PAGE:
Late that night I was finally “ordered” to sleep. I contemplated the effects my hair-trigger laughing attacks had spawned earlier that morning. I decided that I’d have to work on my self-control if I were to have any chance of making it out of basic training alive. If the Drill Sergeants didn’t kill me for the constant schoolgirl tittering, my fellow soldiers would.

For a moment the thought struck me that Private Duke might seek retribution for mocking his “Cold, cold floor” mantra, and I tensed. Instead of peering through the darkness for my would-be attacker I drifted off into deep sleep filled with nightmares. I woke up the next day with the realization I wasn’t going to have sexual dreams involving Sports Illustrated swimsuit models for at a long, long, time.

Sometimes I think back on this period of time and wish I could go back there, if only for a few days. If I ever met Drill Sergeant Piper again there’s really only one thing I’d want to say to him: “Thanks.”

A view from the infantry

Your truly along the Serbian/Macedonia border in the late 90's (sadly working under a United Nation's mandate).
Yours truly along the Serbian/Macedonia border in the late 90’s (sadly working under a United Nations mandate). Guess who got to haul the SINCGAR on patrol?

In 1997 I enlisted in the U.S. Army straight out of high school and spent three years as a mechanized infantryman.

After Basic Training in Fort Benning, Ga., I was sent to Schweinfurt, Germany, to join my unit, Charlie Co., 1/18th Infantry Battalion. I was part of First Infantry Division, known by most civilians as “The Big Red One.”

My time in service does not include the kind of deployments faced by the men and women who serve in a post 9/11 world, but I am confident that I can speak knowledgeably on the culture of combat units.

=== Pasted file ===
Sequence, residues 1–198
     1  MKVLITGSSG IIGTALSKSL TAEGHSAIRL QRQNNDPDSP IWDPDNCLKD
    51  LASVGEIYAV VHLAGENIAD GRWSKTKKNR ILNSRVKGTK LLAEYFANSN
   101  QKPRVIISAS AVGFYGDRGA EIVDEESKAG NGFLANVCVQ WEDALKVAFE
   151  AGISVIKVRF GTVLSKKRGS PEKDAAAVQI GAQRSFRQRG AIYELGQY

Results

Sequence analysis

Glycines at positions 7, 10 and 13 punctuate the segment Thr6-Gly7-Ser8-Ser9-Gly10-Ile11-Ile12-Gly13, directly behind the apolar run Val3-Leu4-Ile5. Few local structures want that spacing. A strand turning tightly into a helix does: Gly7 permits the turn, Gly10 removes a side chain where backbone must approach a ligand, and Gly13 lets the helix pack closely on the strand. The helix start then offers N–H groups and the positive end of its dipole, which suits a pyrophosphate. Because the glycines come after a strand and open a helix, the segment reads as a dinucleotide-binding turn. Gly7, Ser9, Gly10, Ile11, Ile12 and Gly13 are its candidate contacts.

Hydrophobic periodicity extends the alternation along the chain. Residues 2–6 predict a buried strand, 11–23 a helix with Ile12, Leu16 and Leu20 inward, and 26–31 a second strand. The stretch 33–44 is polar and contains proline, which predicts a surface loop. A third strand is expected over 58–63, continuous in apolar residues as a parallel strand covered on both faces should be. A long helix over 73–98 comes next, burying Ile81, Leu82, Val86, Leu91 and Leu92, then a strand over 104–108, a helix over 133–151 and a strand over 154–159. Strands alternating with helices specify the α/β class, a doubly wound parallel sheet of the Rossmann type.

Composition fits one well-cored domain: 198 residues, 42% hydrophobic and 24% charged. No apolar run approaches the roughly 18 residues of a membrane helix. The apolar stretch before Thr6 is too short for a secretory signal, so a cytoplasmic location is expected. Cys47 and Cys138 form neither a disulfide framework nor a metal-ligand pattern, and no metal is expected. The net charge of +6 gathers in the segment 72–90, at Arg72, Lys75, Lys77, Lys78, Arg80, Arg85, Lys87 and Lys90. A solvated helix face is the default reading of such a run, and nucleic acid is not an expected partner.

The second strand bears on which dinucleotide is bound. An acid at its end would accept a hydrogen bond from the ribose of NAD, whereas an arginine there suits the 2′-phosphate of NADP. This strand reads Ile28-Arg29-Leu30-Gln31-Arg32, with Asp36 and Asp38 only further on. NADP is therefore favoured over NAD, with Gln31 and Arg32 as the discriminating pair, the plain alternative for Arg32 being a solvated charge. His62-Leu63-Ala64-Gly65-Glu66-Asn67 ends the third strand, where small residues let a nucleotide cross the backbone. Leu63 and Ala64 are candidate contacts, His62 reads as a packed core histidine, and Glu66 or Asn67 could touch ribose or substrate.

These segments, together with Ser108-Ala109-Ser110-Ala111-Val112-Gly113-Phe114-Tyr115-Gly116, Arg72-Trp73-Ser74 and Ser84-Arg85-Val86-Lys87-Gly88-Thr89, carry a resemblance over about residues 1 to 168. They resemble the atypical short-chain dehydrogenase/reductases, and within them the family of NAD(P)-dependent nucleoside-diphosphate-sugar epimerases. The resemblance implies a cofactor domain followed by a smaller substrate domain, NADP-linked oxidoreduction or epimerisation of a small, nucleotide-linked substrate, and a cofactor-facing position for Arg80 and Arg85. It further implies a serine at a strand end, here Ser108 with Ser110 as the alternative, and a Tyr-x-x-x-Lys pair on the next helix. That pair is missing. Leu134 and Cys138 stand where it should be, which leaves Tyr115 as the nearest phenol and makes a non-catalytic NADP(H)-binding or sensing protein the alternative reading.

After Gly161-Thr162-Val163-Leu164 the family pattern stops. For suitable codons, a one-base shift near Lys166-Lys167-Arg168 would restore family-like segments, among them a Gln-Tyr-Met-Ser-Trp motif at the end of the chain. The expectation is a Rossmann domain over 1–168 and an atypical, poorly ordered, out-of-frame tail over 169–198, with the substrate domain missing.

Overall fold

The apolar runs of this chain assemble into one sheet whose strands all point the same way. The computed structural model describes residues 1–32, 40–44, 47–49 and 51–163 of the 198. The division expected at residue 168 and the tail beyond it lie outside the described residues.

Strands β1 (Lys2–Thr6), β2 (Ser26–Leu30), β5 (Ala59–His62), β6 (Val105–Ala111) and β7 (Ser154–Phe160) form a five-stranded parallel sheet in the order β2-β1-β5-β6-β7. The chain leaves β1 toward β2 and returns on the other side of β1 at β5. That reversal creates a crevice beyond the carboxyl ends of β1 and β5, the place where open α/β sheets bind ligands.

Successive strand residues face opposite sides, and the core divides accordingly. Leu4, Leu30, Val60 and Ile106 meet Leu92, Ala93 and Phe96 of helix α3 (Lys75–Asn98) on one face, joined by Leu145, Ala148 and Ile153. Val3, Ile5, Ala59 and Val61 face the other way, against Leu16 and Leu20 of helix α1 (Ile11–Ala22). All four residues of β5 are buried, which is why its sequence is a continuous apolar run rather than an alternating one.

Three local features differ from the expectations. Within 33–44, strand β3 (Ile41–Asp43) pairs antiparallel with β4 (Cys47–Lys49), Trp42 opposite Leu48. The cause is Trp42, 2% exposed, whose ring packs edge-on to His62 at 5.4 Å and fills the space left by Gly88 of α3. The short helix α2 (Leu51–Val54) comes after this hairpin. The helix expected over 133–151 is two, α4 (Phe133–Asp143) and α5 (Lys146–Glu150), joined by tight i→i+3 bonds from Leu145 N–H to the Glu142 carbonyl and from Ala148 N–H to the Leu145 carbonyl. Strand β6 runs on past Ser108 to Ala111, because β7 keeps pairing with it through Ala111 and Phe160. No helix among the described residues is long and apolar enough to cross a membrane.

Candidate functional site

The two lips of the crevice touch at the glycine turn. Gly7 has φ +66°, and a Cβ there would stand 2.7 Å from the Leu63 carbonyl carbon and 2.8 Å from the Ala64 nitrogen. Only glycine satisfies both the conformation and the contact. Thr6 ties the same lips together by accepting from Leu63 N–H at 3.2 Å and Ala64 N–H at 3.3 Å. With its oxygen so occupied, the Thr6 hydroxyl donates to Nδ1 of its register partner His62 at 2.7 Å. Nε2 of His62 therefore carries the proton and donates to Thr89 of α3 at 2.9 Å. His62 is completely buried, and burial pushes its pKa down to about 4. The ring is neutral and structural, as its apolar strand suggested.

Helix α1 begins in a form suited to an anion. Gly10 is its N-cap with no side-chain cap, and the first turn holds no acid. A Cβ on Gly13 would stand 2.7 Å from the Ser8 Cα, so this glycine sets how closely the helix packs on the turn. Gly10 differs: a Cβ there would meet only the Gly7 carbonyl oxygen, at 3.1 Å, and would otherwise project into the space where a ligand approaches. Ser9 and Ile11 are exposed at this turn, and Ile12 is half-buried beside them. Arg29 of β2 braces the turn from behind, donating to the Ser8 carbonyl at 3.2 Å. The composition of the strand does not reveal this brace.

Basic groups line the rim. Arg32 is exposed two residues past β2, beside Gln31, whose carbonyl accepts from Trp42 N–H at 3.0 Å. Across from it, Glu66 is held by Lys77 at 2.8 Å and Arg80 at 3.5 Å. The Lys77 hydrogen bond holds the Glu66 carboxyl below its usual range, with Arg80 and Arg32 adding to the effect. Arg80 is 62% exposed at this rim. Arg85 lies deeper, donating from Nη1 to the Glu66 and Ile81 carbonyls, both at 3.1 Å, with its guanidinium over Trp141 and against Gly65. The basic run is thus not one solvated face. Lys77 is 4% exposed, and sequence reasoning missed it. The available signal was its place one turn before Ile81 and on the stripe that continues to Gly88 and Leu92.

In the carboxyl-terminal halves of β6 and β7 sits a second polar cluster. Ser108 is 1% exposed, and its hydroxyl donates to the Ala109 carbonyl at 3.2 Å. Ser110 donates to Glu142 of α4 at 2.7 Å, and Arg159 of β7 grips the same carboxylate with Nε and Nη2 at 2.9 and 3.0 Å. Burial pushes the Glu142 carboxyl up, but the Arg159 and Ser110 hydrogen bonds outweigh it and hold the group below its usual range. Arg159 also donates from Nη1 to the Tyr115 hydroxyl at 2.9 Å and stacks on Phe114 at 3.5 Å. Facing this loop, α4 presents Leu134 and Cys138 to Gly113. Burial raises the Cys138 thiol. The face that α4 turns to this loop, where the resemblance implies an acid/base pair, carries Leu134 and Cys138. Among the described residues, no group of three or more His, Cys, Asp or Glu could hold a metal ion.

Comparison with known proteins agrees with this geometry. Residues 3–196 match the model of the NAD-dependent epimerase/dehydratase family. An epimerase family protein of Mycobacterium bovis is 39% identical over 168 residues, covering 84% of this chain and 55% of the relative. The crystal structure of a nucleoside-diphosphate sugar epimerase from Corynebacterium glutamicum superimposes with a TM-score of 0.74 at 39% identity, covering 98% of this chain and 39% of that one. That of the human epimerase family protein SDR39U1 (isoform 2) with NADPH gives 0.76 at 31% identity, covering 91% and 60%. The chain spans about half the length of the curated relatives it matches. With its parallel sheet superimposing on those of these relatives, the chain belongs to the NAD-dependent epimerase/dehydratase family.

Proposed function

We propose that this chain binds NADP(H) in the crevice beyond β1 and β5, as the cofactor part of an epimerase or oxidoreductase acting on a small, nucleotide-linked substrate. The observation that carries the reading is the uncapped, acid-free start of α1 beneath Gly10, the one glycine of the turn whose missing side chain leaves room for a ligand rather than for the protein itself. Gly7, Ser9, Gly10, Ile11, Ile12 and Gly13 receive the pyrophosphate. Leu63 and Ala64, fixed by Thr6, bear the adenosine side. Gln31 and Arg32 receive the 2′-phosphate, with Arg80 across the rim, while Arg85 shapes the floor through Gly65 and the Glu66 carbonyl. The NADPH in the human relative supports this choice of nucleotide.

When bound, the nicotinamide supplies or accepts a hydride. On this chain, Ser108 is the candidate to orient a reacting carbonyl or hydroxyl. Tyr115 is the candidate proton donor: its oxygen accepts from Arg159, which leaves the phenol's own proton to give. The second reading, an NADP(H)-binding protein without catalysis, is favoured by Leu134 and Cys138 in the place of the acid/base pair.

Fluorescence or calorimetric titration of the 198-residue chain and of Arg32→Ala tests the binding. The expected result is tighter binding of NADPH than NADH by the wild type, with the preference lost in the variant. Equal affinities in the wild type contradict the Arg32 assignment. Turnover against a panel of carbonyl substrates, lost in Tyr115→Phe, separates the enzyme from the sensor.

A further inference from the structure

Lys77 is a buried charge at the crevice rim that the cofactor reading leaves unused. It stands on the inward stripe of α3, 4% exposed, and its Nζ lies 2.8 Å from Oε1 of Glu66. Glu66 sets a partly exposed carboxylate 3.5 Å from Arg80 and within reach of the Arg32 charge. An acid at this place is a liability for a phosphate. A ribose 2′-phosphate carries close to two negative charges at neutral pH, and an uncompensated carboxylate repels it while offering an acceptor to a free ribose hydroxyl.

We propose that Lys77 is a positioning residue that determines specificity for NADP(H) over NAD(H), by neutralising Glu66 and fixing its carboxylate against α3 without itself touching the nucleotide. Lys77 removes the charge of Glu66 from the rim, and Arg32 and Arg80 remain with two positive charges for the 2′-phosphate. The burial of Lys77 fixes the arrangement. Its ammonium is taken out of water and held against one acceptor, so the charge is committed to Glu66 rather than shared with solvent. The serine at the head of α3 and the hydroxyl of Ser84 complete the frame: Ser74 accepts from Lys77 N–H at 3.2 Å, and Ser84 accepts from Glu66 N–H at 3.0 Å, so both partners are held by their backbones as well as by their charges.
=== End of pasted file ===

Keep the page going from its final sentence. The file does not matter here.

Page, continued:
And I am confident Army Gen. Martin E. Dempsey’s announcement that the front lines will now be an option for women is, for all intents and purposes, a policy shift that will get good soldiers killed.

While most commentary since the shift was revealed Wednesday has focused on the physical rigors demanded in combat roles, little has been mentioned about the sexual element that first sergeants and company commanders will now be forced to deal with.

Read the rest over at The Washington Times

Editor’s note: I’m trying to knock out “Damn Few” by the former Head of Basic and Advanced SEAL Training so I can give you guys a worthy review. In the mean time, hopefully this piece I did for TWT will serve as an adequate addendum to yesterday’s post on women in combat units.

Military obesity isn’t the issue: Civilian fat bodies are

The Washington Post is running stories on the military's bulging bellies. I looked through my old Army photos and found one of my fellow infantrymen after a 10 mile run. Nope. No fat people there. I wonder why.
The Washington Post just ran a story on the military’s bulging bellies. I looked through my old Army photos from 1997 and found one of me with my fellow infantrymen after a 10 mile run. Nope. No fat people there. My Magic Eight Ball says the MOS might have had something to do with it.

Over the past few years there has been increasing coverage of the growing waistlines of our nation’s military. It’s generally a dumb story. The people charged with fixing the problem know exactly what’s going on:  Nobody does physical fitness like the infantry. Period. If you want less overweight soldiers, tell the POGS to look at their grunt-buddies for an example of how to stay in shape.

Let’s take a look at who, exactly, can’t seem to get their asses in gear, shall we?

Obesity Military

Surprise, surprise. Look who leads the pack or, more aptly, leads the rear of the formation on Company runs:  women, the Air Force, and fat old men who have their rank and don’t give a rip because they’ve hit twenty years of service and can retire at any time.